Making Sense of NOAA's Wildfire Announcement

by Dave Owen

August 10, 2018

Originally published on Environmental Law Prof Blog.

Secretary of Commerce Wilbur Ross just released a statement directing NOAA to "facilitate" water use to respond to California's wildfires (the statement follows several tweets in which President Trump implied that the cause of California's wildfires was the state's ill-advised decision to let some of its rivers flow downhill to the ocean). Because I've already seen a few befuddled headlines about what this all means, I thought a short post explaining a few key points about what NOAA can and can't do here would be helpful.

  1. Importantly, NOAA does not itself manage reservoirs, forests, or firefighting equipment. It just regulates activities that might harm threatened or endangered salmon (and other oceanic or diadromous species). So headlines saying that Secretary Ross ordered NOAA to "use" water to fight fires are not accurate. Instead, he has ordered NOAA to look favorably upon the requests of other federal agencies to use water that might otherwise have been allocated to fish protection. 
  2. NOAA also does not have general water management authority in California. Instead, the California State Water Resources Control Board, a state agency, is the primary regulator of water rights, including rights held by the United States Bureau of Reclamation. Consequently, NOAA does not have authority to just order that water be devoted to firefighting.
  3. This statement has no legal meaning. As a legal matter, NOAA cannot waive the Endangered Species Act. Agencies cannot repeal statutes, even in emergencies, though people will sometimes understand if agencies cut corners when human lives are at stake. Federal water withdrawals of the kinds contemplated in the order therefore are legal only if they do not unlawfully jeopardize the continued existence of listed species, adversely modify their critical habitat, or take those species. Neither an agency administrator's statement nor a presidential tweet erases those statutory obligations.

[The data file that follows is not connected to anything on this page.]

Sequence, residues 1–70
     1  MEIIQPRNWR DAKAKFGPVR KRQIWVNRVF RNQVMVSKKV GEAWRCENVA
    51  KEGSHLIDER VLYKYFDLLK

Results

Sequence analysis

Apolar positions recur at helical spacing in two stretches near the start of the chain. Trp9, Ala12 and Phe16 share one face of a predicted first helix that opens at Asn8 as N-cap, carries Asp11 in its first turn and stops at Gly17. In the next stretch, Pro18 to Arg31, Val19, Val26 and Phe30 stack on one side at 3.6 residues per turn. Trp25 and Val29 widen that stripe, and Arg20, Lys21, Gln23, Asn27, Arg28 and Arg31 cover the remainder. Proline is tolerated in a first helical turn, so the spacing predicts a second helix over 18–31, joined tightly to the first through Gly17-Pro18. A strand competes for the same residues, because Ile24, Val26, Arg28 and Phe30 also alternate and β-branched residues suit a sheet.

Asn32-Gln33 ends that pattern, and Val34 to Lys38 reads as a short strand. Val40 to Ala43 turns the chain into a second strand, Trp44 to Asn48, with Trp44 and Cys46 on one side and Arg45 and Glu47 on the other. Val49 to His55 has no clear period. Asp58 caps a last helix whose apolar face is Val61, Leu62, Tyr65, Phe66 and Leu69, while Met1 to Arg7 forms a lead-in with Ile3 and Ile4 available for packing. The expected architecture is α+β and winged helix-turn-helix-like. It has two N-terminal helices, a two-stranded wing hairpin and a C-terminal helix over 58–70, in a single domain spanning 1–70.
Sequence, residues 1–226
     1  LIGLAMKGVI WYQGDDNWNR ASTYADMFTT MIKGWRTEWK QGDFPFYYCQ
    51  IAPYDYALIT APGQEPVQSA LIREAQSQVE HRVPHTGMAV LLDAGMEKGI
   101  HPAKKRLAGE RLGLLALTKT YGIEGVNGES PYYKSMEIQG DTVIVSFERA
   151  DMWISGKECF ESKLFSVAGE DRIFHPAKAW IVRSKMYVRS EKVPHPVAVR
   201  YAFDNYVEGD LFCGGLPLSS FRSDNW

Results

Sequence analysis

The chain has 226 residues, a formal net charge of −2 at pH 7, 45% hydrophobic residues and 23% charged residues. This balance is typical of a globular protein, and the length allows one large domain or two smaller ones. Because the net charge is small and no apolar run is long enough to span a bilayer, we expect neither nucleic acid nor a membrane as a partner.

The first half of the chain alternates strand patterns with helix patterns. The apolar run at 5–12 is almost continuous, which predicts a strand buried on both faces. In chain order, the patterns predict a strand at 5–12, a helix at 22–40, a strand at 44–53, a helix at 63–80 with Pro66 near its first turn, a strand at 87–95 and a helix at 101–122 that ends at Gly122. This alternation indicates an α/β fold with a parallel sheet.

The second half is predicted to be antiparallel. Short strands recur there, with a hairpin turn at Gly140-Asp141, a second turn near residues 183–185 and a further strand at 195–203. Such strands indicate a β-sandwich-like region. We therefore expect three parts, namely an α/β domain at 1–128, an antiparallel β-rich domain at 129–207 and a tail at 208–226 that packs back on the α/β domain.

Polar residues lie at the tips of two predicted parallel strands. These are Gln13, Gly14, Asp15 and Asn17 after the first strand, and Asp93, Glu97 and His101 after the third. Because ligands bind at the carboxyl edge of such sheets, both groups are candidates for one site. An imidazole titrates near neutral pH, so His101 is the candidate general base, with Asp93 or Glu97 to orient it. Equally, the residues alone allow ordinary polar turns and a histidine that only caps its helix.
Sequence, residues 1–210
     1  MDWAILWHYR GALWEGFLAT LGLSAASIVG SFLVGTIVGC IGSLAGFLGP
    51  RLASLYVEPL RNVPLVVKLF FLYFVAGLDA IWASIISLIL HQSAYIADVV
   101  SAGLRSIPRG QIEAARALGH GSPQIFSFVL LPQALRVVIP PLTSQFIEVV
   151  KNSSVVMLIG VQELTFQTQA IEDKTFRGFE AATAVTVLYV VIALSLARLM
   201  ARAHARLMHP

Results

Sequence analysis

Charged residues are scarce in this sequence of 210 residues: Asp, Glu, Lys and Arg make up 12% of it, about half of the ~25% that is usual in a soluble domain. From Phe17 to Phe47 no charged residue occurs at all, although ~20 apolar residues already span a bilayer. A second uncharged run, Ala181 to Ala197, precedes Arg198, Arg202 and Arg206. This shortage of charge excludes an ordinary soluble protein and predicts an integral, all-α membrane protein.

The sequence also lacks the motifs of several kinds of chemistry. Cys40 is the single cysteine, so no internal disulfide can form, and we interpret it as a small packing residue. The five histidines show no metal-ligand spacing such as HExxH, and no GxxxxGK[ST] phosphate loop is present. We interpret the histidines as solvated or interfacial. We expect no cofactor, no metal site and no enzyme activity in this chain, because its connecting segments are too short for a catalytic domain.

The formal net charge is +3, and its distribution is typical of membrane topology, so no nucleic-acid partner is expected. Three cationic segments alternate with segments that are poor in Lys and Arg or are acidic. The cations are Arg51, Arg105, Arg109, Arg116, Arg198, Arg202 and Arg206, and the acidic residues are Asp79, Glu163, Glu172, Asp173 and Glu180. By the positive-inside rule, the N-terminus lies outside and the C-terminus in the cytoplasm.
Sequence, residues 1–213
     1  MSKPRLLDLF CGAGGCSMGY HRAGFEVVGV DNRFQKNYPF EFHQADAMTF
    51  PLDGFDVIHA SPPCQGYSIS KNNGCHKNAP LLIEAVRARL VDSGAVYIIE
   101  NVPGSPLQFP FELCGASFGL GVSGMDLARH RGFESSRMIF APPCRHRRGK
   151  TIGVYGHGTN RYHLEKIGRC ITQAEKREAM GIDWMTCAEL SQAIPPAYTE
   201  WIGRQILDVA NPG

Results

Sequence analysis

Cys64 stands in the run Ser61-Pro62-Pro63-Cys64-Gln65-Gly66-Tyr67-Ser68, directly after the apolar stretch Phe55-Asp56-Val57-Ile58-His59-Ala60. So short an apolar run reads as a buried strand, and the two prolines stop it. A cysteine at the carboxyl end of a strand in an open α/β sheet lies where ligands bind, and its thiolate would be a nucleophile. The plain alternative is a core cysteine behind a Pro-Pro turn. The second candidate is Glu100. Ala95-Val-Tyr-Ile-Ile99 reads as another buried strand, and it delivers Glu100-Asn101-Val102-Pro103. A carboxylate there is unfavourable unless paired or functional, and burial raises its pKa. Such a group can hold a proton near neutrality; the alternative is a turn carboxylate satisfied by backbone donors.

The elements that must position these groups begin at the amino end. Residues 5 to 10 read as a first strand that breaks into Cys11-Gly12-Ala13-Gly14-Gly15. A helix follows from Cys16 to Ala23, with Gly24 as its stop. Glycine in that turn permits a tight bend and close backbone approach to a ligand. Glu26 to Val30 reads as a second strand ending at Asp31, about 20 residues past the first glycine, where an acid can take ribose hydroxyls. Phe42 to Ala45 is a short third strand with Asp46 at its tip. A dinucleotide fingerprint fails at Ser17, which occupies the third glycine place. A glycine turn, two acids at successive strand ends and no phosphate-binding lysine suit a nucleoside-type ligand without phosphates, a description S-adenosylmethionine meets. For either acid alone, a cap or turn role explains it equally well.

4. Firefighters' water access isn't the problem. As already reported elsewhere, California officials have rejected claims that their firefighters lack access to sufficient water. So have independent scientists. This announcement isn't really about fighting fires. Instead, it's about using California's troubles to score a few political points. Indeed, if fighting fires is really the Administration's central priority and a lack of firefighting water really is the problem, we might expect to see another announcement that the Bureau of Reclamation, which delivers billions of gallons of water to farmers, will be redirecting much of that water to the firefighting effort.  But don't hold your breath.
  5. The Department of Commerce is not doing everything it can to help. In his statement, Secretary Ross stated that "the Department of Commerce is doing everything it can to help" with the fires. That is false. Neither Secretary Ross nor anyone else in the President's cabinet, nor the President himself, is taking one of the most important steps to address wildfires. Fires are becoming more intense for a variety of reasons, but one is climate change, which is making much of the West hotter, dryer, and more prone to fire. If Secretary Ross were actually doing everything he could to help, he would be loudly advocating for policies to respond to climate change, and he would be condemning policies, like the recent proposal to weaken pollution standards for motor vehicles, that will make climate change worse.

Lastly, an interesting tidbit about Trump's tweets: they included a claim that California had erred by passing laws that allowed some of its rivers to flow toward the sea, rather than being pumped into the Central Valley. That's an odd assertion to make in a tweet about fires; moving water out of northwestern California isn't a very good way to fight fires in northwestern California. I also wonder if Trump is aware of the original source of the laws he is lambasting. If he has a coherent idea about the laws he's referring to, then he's probably talking about decisions, made decades ago, to designate California's north coast rivers as wild and scenic, which precluded the construction of dams and water-diversion works (other than a diversion from the Trinity River). The governor who signed those laws into law? Ronald Reagan.

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Dave Owen is a Professor of Law at the University of California, Hastings, College of the Law.

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